Some of our members have been reading The Brother’s Wolfe by Steve Hawke. The author took time out to chat with Beauty and Lace, and you can learn more about him in this interview.
Tell us how this book came about. What inspired it, how long did it take you, and what was the process?
This is my ninth book, and my third adult novel, but its roots go way, way back. It was the end of the 80s when I published my first – a non-fiction work called Noonkanbah – and I got the writing bug. I began fantasising about writing novels.
And an early, different variant of The Brothers Wolfe is where my thoughts turned. I am old enough to remember the WA Inc. era – Perth in the 1980s.
I always thought it was crying out for a novelist to poke and pry, to dig beneath the surface, and try to understand just what the hell was going on, and to try to understand the motivations of the mad, bad, insanely greedy entrepreneurs who we venerated, and then eviscerated. I began doodling with the ideas and the characters that became this book way back then.
But it all took a back seat to earning a living through my other career working with the Indigenous mob in the Kimberley, and to other writing projects that seemed to take precedence.
It’s only taken me thirty-odd years to get it done! Maybe it is because I needed the practice; I like to think that the craft I have learned and acquired during the previous eight has all been poured into this one.
I got started on it seriously in 2020 I think, after my second novel Out of Time was completed, and it took up most of the next two years. As for process, the truth is that it is first making the commitment, and then the hard slog; interminable hours at the desk. That said, the hard slog also involves exquisite joy; the magic of creation, and finding unlikely characters coming to life.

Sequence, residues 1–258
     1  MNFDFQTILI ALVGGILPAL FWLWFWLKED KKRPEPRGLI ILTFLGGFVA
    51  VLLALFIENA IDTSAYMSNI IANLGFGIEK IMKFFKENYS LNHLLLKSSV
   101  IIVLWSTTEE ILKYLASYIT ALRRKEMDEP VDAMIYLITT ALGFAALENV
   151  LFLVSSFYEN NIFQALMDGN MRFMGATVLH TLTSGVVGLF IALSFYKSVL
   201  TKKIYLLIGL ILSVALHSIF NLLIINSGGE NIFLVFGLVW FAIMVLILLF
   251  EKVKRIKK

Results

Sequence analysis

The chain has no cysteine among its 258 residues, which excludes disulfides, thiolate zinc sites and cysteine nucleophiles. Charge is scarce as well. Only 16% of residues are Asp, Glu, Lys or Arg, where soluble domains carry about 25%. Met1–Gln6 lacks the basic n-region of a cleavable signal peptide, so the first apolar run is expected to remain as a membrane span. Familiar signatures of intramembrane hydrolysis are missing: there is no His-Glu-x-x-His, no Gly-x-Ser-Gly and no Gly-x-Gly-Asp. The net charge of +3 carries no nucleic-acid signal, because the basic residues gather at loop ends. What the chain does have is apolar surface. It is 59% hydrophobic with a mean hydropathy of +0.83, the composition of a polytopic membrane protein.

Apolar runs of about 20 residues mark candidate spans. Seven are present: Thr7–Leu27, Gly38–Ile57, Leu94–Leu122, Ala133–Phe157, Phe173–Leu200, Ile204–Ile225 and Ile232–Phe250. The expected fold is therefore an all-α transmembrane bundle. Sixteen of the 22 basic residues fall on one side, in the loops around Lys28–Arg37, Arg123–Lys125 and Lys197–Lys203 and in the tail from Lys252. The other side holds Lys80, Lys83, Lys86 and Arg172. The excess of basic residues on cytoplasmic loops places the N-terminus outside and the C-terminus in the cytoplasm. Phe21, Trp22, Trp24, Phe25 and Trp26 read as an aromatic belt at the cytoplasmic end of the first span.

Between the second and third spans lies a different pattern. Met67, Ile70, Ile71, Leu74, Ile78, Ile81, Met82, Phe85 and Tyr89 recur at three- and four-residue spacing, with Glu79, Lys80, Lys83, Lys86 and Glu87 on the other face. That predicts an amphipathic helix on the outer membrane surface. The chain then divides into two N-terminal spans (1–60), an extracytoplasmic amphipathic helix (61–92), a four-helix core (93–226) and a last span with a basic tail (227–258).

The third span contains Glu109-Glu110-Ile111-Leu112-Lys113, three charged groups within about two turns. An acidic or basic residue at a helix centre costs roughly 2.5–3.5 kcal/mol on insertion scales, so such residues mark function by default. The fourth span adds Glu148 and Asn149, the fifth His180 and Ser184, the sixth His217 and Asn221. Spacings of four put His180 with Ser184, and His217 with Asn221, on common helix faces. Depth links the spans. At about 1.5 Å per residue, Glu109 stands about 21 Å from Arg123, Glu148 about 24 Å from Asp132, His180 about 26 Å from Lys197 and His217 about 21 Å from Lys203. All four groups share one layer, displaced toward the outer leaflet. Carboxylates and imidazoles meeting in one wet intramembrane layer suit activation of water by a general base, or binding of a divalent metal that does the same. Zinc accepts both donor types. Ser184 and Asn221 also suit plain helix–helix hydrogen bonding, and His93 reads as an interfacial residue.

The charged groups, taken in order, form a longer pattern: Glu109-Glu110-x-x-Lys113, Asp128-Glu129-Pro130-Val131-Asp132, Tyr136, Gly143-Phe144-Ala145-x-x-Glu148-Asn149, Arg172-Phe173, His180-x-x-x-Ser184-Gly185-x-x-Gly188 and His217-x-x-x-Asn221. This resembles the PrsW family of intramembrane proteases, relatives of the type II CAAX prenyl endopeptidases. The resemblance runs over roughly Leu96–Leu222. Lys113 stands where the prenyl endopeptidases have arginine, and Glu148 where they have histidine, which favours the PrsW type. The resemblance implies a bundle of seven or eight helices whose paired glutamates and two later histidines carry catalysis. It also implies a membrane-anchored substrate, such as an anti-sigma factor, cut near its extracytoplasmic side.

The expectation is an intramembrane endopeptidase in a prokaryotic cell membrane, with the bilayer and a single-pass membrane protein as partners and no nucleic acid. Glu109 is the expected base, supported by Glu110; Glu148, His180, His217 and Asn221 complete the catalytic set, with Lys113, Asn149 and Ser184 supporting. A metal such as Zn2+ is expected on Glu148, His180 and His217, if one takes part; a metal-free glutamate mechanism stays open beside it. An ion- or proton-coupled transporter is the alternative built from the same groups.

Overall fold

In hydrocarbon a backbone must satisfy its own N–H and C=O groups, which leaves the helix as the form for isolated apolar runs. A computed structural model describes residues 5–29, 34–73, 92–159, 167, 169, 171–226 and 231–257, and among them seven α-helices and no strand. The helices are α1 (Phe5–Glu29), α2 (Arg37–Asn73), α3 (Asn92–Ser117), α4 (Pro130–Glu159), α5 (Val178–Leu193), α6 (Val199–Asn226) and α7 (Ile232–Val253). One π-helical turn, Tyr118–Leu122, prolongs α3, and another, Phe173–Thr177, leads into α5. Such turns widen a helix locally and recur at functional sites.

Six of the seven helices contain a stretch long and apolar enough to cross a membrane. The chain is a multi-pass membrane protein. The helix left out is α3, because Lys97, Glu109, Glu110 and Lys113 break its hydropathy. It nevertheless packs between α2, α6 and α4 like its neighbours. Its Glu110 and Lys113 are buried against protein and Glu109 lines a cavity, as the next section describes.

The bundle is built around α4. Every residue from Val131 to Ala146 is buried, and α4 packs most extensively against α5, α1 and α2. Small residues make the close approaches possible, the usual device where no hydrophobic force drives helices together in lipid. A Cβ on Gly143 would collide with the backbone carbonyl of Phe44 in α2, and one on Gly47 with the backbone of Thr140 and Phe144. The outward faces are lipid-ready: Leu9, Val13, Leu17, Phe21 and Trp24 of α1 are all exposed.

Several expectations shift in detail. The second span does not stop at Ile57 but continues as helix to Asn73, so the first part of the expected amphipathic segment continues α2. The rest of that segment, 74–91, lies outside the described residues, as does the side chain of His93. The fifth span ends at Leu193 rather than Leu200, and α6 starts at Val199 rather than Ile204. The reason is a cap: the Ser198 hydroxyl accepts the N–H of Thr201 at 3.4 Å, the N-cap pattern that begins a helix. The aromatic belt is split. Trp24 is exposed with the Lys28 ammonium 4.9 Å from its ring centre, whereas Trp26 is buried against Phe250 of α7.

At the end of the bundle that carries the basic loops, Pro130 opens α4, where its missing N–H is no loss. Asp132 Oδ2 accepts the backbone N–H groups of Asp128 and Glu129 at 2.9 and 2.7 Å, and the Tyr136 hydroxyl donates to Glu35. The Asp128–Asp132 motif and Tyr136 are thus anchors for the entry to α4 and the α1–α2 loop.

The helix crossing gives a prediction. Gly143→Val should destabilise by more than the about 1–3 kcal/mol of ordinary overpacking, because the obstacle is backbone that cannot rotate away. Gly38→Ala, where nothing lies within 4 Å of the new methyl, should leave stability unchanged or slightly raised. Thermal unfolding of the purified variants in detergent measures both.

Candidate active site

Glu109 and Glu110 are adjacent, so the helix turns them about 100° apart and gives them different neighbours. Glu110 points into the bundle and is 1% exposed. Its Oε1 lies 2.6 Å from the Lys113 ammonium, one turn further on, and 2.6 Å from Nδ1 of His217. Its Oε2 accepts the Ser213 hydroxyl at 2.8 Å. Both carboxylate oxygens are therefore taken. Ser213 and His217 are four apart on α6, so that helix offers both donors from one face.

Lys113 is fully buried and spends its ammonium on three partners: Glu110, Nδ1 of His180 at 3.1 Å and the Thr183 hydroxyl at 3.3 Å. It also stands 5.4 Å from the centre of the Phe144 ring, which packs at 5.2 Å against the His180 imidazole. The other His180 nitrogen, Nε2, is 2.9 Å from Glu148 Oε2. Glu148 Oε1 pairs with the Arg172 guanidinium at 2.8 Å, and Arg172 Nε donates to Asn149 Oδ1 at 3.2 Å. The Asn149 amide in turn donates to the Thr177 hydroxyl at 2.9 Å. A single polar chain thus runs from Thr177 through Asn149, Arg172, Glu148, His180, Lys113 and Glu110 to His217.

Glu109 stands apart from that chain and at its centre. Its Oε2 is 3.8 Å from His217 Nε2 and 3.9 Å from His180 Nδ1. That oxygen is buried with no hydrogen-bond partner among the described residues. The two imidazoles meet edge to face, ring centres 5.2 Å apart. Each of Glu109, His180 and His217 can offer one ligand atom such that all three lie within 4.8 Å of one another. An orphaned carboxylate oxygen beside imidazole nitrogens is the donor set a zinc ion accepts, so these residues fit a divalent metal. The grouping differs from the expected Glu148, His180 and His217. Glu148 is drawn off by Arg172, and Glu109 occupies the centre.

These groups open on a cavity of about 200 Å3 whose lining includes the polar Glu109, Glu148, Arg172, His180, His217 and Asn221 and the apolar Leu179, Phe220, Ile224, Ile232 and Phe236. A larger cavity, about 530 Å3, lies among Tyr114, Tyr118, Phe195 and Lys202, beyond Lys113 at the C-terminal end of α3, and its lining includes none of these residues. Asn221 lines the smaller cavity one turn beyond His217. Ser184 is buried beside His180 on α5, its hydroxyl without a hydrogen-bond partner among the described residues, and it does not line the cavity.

When I submitted the manuscript to Fremantle Press, the response that came back from publisher Georgia Richter, was, “It’s grand!”, complete with an exclamation mark. I was seriously pleased by this response, as I’d set out to write something large and ambitious.
It’s a big book, with a plethora of characters, plot and locations; but as the title suggests, it is in essence a family saga that unfolds against the backdrop of WA Inc, and examines the impacts of an entrepreneur’s self-obsession on his family and some random casualties.
Your book is about entrepreneurship and ambition as it relates to relationships and family. But why use a menswear store as the family business, in particular?
I don’t think I can actually give you an answer to that, this far down the track. As mentioned above the ideas and characters in this book have been floating around odd corners of mybrain for a long, long time, and Wolfe’s Menswear with its logo of a snazzily dressed, top-hatted wolf has been there from the beginning, more or less.
It is not because I am into the world of fashion and clothing at any level, I must confess. I think essentially I wanted a staid and conservative family business that suited the character of the brothers’ father, Alfred, and would be anathema to Elliot when he wants to make his mark in the business world; the world of retail, and a gentleman’s clothing store seemed to fit the bill.
Tell us about the relationship between Mitzi and the brothers.
That is the story of the book, at one level. Though it is titled The Brothers Wolfe, Mitzi shares equal billing in my mind; she is the third set of eyes, the third voice that we hear in the book. She is Elliot’s lover and wife.